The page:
Etymology
Advertisement
punk (n.1)

"Chinese incense," 1870, according to OED from punk (n.) "rotten wood used as tinder;" for which see punk (adj.).

Related entries & more 
Advertisement
architectural (adj.)

"pertaining or relating to architecture or the art of building; according to the principles of architecture," 1759; see architecture + -al (1). Related: Architecturally.

Related entries & more 
optional (adj.)

"depending on preference," hence "that may be done or not done according to one's choice," 1765, from option + -al (1).

Related entries & more 
canon (n.2)
"clergyman living according to rules," c. 1200 (late 12c. as a surname), from Anglo-French canun, from Old North French canonie (Modern French chanoine), from Church Latin canonicus "clergyman living under a rule," noun use of Latin adjective canonicus "according to rule" (in ecclesiastical use, "pertaining to the rules or institutes of the church canonical"), from Greek kanonikos, from kanon "rule" (see canon (n.1)).
Related entries & more 
deutero- 

before vowels deuter-, word-forming element meaning "second," from Late Latin deutero-, from Greek deuteros "next, second," a word of uncertain origin. According to some sources from duo "two" (from PIE root *dwo- "two"), but according to Watkins the ground sense is "missing" and the Greek word is from PIE *deu-tero-, suffixed form of *deu- (1) "to lack, be wanting." But Beekes doubts even this.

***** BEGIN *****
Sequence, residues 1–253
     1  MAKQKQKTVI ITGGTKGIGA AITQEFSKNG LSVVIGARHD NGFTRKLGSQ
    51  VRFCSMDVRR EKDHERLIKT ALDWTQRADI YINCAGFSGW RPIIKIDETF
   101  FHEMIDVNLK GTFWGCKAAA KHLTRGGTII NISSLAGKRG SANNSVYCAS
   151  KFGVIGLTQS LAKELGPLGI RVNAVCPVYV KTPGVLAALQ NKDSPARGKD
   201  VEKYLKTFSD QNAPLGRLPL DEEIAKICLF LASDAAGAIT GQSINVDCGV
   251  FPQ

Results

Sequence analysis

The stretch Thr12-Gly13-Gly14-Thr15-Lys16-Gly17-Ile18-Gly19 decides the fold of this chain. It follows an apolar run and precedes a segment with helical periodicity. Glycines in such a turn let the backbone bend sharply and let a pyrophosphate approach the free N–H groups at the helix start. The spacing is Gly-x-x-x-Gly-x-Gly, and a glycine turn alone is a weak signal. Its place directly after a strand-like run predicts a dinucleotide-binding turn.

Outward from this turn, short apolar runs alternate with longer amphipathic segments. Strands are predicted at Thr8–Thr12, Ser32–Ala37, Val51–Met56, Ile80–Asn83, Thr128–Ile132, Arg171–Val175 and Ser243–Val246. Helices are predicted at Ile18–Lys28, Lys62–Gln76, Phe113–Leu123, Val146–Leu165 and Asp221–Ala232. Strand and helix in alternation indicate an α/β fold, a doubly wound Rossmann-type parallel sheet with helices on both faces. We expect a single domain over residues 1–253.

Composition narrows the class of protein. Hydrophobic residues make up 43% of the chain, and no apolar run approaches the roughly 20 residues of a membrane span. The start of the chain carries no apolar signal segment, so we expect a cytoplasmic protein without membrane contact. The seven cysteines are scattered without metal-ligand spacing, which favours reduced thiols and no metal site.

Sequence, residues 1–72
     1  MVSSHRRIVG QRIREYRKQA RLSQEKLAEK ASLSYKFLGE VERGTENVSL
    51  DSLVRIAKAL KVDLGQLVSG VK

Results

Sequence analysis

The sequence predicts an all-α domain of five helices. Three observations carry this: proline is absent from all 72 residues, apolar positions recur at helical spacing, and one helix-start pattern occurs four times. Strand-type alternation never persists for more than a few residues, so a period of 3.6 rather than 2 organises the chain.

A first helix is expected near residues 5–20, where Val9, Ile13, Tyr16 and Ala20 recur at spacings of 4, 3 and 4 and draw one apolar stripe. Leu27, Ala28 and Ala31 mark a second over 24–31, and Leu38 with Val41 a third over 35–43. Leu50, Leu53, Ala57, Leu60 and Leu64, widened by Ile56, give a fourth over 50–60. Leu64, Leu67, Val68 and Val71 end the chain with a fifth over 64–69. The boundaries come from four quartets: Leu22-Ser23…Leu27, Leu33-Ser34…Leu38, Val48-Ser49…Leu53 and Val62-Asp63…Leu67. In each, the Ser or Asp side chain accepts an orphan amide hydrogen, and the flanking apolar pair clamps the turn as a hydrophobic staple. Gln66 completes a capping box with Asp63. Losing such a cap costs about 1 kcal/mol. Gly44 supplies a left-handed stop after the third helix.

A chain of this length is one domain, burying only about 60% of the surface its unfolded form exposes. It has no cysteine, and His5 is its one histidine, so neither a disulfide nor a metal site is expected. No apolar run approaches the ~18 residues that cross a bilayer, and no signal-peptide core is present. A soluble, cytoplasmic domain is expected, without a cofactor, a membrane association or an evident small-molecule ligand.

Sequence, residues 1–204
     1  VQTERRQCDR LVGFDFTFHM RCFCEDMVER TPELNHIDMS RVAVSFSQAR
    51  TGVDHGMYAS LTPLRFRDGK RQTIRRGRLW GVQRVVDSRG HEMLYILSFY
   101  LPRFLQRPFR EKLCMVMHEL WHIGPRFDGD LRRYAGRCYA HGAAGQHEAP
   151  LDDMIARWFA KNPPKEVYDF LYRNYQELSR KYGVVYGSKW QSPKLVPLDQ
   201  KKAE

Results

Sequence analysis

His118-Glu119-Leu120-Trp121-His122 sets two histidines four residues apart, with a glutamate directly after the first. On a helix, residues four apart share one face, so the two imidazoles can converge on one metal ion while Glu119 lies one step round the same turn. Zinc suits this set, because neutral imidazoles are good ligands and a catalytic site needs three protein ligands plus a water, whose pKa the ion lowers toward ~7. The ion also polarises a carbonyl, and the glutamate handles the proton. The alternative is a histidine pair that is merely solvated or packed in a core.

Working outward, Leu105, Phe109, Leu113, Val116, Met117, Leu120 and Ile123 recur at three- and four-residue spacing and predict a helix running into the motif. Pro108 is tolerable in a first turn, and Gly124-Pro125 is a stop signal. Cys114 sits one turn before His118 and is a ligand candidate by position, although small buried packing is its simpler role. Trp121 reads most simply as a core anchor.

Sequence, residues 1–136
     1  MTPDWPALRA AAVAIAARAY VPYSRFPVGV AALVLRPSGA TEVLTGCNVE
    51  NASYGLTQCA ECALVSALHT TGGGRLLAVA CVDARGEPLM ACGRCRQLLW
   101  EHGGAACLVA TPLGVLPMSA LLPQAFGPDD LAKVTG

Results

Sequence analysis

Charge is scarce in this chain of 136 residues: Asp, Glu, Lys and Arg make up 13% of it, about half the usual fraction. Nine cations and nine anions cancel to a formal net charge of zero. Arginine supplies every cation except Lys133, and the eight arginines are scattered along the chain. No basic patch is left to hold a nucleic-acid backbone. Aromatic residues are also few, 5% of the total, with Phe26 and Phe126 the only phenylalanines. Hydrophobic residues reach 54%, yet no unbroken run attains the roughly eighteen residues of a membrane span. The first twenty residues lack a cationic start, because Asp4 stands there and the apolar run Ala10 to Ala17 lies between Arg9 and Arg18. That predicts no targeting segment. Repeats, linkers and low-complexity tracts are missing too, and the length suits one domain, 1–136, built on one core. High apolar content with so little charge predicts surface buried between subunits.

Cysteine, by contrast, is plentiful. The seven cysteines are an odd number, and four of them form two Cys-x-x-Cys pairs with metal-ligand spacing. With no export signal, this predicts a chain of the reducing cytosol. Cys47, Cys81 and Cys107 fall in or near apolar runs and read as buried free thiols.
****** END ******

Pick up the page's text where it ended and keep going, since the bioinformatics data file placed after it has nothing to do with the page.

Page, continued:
Related entries & more 
Advertisement
Tophet 
place near Jerusalem, where, according to the Old Testament, idolatrous Jews made human sacrifice to strange gods; later symbolic of the torments of Hell.
Related entries & more 
pud (n.2)

"hand, paw, fist," 1650s, "a nursery word," according to OED. It has been compared to Dutch poot "paw;" see paw (n.).

Related entries & more 
analogous (adj.)

"corresponding (to some other) in particulars," 1640s, from Latin analogus, from Greek analogos "proportionate, according to due proportion," from ana "throughout; according to" (see ana-) + logos "ratio, proportion," a specialized use (see Logos). Used with to or with.

A term is analogous whose single signification applies with equal propriety to more than one object: as, the leg of the table, the leg of the animal. [William Flemming, "The Vocabulary of Philosophy," 1858]
Related entries & more 
Cimmerian (adj.)
late 16c., "pertaining to the Cimmerii," an ancient nomadic people who, according to Herodotus, inhabited the region around the Crimea, and who, according to Assyrian sources, overran Asia Minor 7c. B.C.E.; from Latin Cimmerius, from Greek Kimmerios. Homer described their land as a place of perpetual mist and darkness beyond the ocean, but whether he had in mind the same people Herodotus did, or any real place, is unclear.
Related entries & more 
de jure 

Latin, literally "of law," thus "legitimate, lawful, by right of law, according to law." Jure is ablative of ius "law" (see de +  just (adj.)).

Related entries & more 

Page 3